Bottom line
Inflation should be taken into account in your ER plan. Actually, it is the most important pitfall that could break down your plan. If some year your expenses increase faster than what was planned, make adjustments (remember, you don’t have control over inflation, but you do over your expenses).

Saturday, November 06, 2004

Determine a date on which you plan to retire

How many years before you retire?
So you’ve decided to take the leap. You plan to retire early. First, I think you should set a date for this. Setting a date for your retirement plan will have you adjust budget, savings, investments, etc., in order to be able to get retired by that date. If you don’t do it, you might be tempted to procrastinate. For your plan to succeed, you need to stick to it.

Be conservative; add an additional year of work to your plan. If things go as planned, you will be able to retire even sooner, giving you satisfaction and reward. If things go wrong, this extra-year will allow you to make some adjustments by adding up to a year of savings instead of a year of withdrawal, which is why one year make such a large difference in a retirement plan.

Stick to your plan
It is important to stick to your plan. It is possible that the stock markets are going to skyrocket two or three years before you retirement date and that you would be tempted to retire sooner. Don’t. Many of those who retired sooner when the market was high in 2000 had the bad surprise of seeing the value of their nest-egg decrease much (if they held stocks or stock-like investments) in 2001. Don’t forget that the investment return estimates are based over a long period of time, so don’t feel too rich if for some years your portfolio gets higher than expected. First rule: retire at the date you planned, if you can. Second rule: if you don’t apply first rule, retire when the market is low. Thus, you are more likely to really have enough money to retire and there are some chances the market will get back on track when you will start withdrawing money from your portfolio.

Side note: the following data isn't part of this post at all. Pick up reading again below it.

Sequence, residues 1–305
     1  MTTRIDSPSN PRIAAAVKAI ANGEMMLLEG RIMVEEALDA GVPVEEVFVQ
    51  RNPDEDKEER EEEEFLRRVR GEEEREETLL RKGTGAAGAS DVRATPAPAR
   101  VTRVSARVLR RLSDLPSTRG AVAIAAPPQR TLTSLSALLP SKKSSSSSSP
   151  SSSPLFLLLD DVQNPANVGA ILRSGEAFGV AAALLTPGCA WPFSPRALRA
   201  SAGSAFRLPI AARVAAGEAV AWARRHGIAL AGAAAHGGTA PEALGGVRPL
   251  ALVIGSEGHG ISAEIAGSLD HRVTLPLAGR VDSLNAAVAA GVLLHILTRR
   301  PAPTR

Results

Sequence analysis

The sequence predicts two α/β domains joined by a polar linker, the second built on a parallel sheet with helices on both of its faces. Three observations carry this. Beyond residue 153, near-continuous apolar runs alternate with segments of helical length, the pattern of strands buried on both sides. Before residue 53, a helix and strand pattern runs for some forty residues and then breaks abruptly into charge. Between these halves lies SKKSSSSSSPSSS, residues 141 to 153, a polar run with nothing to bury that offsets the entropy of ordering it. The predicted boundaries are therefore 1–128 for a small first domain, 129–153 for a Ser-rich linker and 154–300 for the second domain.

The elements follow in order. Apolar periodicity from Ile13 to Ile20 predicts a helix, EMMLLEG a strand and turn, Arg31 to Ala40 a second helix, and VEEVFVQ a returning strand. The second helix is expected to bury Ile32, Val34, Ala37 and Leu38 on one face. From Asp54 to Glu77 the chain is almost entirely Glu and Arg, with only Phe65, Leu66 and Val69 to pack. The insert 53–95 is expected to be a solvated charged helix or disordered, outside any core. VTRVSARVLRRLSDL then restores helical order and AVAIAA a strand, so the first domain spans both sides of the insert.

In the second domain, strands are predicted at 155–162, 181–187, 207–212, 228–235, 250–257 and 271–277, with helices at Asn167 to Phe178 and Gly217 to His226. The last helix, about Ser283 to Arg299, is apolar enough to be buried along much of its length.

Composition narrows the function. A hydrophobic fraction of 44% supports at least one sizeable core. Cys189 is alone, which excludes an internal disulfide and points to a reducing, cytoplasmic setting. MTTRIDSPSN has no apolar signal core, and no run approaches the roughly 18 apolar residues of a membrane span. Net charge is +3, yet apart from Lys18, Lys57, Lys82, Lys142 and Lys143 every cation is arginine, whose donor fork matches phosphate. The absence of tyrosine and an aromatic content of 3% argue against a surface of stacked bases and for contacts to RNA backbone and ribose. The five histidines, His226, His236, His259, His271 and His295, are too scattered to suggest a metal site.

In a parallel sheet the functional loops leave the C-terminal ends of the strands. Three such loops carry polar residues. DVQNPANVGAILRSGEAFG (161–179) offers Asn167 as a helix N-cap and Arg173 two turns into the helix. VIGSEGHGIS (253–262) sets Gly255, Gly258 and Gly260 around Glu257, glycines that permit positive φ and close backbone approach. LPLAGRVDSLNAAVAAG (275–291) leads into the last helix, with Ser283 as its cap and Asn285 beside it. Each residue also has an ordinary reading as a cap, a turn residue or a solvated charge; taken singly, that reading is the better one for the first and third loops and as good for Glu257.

Choosing the best part of the year for you to retire
Now that you’ve decided in how many years you want to retire, you have to choose a date. Is it better to retire in December or in June? My suggestion: retire at the beginning of the summer, say June 1st.

First, retiring during the summer will have you enjoy summer days as your first retirement days. This might have an important benefit on your moral, since retiring will be a major change in your life. It can be very stressful for many people. Retiring in the summer will also allow you to have time to be with your relatives (who will have job vacations). Take some good time, thinking about your projects to come, enjoying your new life, etc. Reward yourself for the frugal lifestyle that led you to this achievement.

Many projects you might have will likely begin at the end of the summer / beginning of fall: going back to school, getting a part-time job, volunteering, etc. Retiring during the summer will let you with time to prepare these projects and to decide what you want to do.

There may be a fiscal benefit by retiring June 1st. In the US, Canada and many other countries, tax rates are progressive: the more you gain, the more you pay as a percentage of your personal income. Each progressive step in the tax rate system is named a bracket. For instance, the first $0-$20k you earn might be taxed at 20%, while the part over $100k could be at 35%. The actual value depends where you live (country and state or province).

If you retire in December, you’ll have worked the full fiscal year, thus your personal income for that fiscal year will be that of your salary, say $60k (plus investments returns not tax-protected). However, if you retire in June and don’t withdraw from your IRA or RRSP, your income for the year will be less than $30k. Instead of being taxed at the higher bracket, you will be taxed at a lower bracket. Thus, instead of working for the government, you will have worked a little bit more for yourself. Instead of earning a net $20/hour after taxes, for instance, you will earn a net $30/hour that year.

In Quebec (Canada), people get an additional benefit if they retire halfway during the year. This might also apply to you if you have an employer plan (401k). In Quebec, RRQ is a public Pension Plan. All workers must contribute to the plan if they earn more than $3500. The contribution is set as a percentage of income, up to a maximum. This year, the maximum is $40k. How much you will get from the Pension Plan depends upon the number of years you have contributed to the plan and your average income. But for any year, the income calculated in the average cannot be over $40k. That is, if you earn $80k in a given year, only $40k will be used in the average. Thus, if you retire in June, you’ll add almost a full year of contribution to the plan (depending upon your annual wages), increasing the amount you will obtain when you reach 65, even if you work only a few months that year.